Monday, June 17, 2024
HomeHealth ConditionsDiabetesIslet Transplantation Restores Glucose Levels in a Type 1 Diabetes Patient

Islet Transplantation Restores Glucose Levels in a Type 1 Diabetes Patient

A group of researchers followed a woman with type 1 diabetes mellitus who underwent laparoscopic islet transplantation. Over the course of 12 months, the woman consistently maintained normal blood glucose levels and establish an independence from exogenous insulin administration.


Diabetes Mellitus Type 1 is a disorder characterized by increased levels of glucose in the body resulting from autoimmune destruction of the insulin-producing β cells of the pancreas. Lifetime administration of insulin and monitoring of blood glucose levels are required for the management of this condition. Current insulin preparations available on the market are usually administered subcutaneously. Surgical intervention via islet transplantation could also be done to maintain blood glucose levels in patients affected with type 1 diabetes mellitus.

In a recent correspondence published in The New England Journal of Medicine, a group of researchers led by David Baidal, M.D. followed a 43-year-old woman with type 1 diabetes mellitus who underwent islet transplantation. The patient received islet transplantation onto the omentum via laparoscopic route. Immunosuppressive therapy with mycophenolate sodium and tacrolimus was provided to prevent transplant rejection. Tacrolimus was replaced with sirolimus 8 months post-transplantation due to reported hair loss. The patient was also advised to exercise regularly and maintain a low-carbohydrate diet after transplantation. Capillary blood glucose levels, glycated hemoglobin levels, and beta and BETA-2 scores (measure of β cell function, with higher scores indicating better function) were monitored accordingly.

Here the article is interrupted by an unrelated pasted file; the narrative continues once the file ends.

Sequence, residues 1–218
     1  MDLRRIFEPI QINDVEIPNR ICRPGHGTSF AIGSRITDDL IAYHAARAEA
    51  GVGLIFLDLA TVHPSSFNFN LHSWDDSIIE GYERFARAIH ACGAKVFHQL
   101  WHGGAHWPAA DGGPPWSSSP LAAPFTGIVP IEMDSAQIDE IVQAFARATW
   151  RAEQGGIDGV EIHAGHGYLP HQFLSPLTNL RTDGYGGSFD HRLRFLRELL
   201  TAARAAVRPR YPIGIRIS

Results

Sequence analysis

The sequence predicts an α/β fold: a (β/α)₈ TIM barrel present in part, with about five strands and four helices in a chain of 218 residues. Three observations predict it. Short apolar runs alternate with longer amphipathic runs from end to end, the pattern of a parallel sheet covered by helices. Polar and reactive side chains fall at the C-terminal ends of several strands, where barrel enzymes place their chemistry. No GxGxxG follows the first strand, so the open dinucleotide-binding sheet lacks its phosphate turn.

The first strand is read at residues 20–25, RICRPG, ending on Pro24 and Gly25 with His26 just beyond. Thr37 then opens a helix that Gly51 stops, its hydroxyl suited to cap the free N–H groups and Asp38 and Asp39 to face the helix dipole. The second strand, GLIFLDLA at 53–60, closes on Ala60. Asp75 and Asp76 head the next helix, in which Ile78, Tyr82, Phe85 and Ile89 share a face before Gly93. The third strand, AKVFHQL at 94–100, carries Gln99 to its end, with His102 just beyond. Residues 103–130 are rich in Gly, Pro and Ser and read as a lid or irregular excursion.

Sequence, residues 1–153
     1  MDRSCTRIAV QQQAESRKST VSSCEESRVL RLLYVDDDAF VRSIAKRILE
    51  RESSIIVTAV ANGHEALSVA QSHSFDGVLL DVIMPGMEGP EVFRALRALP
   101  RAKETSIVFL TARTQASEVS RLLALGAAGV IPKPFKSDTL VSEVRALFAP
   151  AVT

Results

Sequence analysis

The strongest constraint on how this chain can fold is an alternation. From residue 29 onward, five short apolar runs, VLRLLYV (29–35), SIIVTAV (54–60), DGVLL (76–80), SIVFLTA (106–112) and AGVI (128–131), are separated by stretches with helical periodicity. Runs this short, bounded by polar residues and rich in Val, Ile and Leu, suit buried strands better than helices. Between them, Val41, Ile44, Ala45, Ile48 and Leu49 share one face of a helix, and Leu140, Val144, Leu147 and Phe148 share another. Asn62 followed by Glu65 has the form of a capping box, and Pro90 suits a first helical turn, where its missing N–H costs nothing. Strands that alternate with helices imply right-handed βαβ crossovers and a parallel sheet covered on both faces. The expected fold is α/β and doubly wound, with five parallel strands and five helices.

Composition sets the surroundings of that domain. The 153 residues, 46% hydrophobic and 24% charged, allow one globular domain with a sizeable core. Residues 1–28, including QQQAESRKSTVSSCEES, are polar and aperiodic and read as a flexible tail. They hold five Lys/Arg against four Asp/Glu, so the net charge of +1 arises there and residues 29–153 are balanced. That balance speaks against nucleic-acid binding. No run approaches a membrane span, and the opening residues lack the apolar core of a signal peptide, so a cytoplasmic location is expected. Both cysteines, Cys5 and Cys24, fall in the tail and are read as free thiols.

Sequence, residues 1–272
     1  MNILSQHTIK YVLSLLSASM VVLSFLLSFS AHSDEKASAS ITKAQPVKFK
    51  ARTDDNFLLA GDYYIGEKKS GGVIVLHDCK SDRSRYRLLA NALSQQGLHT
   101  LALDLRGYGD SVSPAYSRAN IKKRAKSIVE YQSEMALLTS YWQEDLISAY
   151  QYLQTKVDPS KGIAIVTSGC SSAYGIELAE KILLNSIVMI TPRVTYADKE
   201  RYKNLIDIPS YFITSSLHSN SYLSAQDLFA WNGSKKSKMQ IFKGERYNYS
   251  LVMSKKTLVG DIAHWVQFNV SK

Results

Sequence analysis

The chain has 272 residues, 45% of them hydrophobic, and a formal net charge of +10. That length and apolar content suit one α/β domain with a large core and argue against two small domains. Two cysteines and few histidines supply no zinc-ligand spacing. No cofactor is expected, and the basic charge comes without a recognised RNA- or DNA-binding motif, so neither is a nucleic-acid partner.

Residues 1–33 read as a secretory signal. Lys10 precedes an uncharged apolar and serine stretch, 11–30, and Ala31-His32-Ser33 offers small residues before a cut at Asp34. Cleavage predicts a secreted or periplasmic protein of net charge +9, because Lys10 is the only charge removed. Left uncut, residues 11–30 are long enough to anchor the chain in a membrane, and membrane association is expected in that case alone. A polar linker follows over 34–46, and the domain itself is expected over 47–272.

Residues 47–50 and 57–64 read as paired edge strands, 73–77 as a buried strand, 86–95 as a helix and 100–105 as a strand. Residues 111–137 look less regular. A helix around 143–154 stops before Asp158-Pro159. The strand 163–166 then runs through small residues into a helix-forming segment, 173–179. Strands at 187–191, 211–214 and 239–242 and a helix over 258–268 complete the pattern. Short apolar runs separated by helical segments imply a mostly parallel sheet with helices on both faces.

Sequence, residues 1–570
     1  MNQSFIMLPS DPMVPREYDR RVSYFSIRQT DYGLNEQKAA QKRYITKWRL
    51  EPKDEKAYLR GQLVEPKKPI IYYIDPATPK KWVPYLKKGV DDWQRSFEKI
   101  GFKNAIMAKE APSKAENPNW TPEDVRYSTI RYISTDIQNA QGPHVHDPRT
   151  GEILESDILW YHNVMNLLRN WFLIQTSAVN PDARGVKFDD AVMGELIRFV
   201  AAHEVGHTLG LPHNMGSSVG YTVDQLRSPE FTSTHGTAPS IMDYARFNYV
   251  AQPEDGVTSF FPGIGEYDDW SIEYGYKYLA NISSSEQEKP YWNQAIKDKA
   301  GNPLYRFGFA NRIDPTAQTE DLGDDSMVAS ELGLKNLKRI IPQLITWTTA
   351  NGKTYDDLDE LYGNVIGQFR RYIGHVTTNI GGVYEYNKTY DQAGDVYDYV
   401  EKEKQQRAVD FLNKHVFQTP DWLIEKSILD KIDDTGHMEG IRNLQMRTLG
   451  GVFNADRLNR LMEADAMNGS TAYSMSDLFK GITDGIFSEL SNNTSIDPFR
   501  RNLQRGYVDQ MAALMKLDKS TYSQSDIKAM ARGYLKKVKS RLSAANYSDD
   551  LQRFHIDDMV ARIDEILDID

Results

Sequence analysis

Follow-up assessments at 75 days, 6 months, and 12 months post-transplantation showed restoration of normal blood glucose levels and exogenous insulin independence. However, insulin secretion decreased and a functional islet decline was observed at 12 months. Researchers attributed this phenomenon to the change in immunosuppressant therapy from tacrolimus to sirolimus. The patient was able to maintain a normal blood glucose level despite the observed decline in function and did not have any episodes of hypoglycemia which required exogenous insulin administration.

In summary, laparoscopic islet transplantation is a promising method for the management of type 1 diabetes mellitus and may reduce dependence to exogenous insulin administration. However, further studies should be done to establish the safety and long-term outcomes of this procedure.


Written By: Karla Sevilla



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